The Cardinals’ Cellos – instrumental music in 1690s Rome

From the 1680s through the 1710s, Rome was one of the major music centers of Europe. Corelli, Handel, and Scarlatti were all active in the city. Their presence, in turn, attracted the best musicians to the Eternal City. Cardinals Benedetto Pamphill and Pietro Ottoboni were major patrons of this musical activity. Some of the finest cello virtuosi/composers were in their retinues. This release presents some of their music.

Originally released in 2015, “The Cardinals Cellos” presents works by eight of these virtuosi, spanning 24 years. While they wrote music for their instrument, all eight composed oratorios, operas, concerto grossi, and other forms. Giovanni Lullier is the earliest, entering service in 1676. None of his cello works survive. He’s represented by a transcribed aria “Amor di che tu viol.” It’s a charmingly simple work, with an appealing melody with regular phrasing.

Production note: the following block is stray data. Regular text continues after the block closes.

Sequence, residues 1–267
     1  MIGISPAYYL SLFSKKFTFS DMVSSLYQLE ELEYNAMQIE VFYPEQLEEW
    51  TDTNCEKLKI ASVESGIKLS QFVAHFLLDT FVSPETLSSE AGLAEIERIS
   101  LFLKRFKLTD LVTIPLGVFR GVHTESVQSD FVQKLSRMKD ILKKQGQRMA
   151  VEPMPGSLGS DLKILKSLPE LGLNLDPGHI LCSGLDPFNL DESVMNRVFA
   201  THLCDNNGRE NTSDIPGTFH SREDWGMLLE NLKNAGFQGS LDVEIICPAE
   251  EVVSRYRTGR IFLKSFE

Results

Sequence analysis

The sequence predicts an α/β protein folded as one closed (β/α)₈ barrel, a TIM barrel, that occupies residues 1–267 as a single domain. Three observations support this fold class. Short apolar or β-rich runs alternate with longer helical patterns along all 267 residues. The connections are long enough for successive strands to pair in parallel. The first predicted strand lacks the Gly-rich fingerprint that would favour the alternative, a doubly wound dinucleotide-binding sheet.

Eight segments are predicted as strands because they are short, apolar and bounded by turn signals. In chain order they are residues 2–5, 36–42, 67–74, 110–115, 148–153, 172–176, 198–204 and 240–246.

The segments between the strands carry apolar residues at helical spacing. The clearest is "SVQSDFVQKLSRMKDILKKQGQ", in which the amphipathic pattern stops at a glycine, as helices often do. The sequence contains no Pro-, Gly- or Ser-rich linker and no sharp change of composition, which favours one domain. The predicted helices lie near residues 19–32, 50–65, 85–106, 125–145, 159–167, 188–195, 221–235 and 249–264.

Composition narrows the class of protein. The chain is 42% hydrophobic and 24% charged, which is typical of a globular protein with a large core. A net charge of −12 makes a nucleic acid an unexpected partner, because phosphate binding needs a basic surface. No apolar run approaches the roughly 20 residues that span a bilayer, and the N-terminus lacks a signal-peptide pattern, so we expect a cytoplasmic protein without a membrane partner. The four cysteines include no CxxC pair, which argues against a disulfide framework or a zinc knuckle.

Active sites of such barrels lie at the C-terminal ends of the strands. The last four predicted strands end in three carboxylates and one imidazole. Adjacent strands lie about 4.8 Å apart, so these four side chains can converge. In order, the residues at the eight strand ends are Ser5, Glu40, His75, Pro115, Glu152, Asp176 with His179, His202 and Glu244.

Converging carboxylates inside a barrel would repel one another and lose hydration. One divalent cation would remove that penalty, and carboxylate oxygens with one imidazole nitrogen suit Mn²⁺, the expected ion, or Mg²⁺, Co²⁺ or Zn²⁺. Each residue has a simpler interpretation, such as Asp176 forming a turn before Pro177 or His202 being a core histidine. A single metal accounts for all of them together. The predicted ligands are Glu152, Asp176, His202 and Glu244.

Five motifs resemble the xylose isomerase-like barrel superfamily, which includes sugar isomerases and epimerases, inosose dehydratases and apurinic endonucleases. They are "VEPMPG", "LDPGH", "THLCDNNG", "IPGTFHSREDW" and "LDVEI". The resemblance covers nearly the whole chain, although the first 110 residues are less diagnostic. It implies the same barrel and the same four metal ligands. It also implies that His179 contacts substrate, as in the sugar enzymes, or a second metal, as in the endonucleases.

The last composer of the line is Giovanni Costanzi, active through 1778. His Sinfonia in D major represents a dramatic change over Lullier’s work. And it anticipates the style of Luigi Boccherini, one of Costanzi’s star pupils.

Marco Ceccato plays with a nice, rounded tone that’s somewhat unusual on a cello of the period. He performs with a very light touch and precise articulation — particularly in the rapid passages. The Accademia Ottoboni have a clean ensemble sound that nicely showcases the solo cello.

The close-mic’d recording gives these modest chamber works an appealing intimacy.

Another fine early music rerelease from Alpha.

Il violoncello del cardinale
Music by Boni, Amadei, Haym, Perroni, Costanzi, Bononcini, and Lulier
Accademia Ottoboni; Marco Ceccato
Alpha 368

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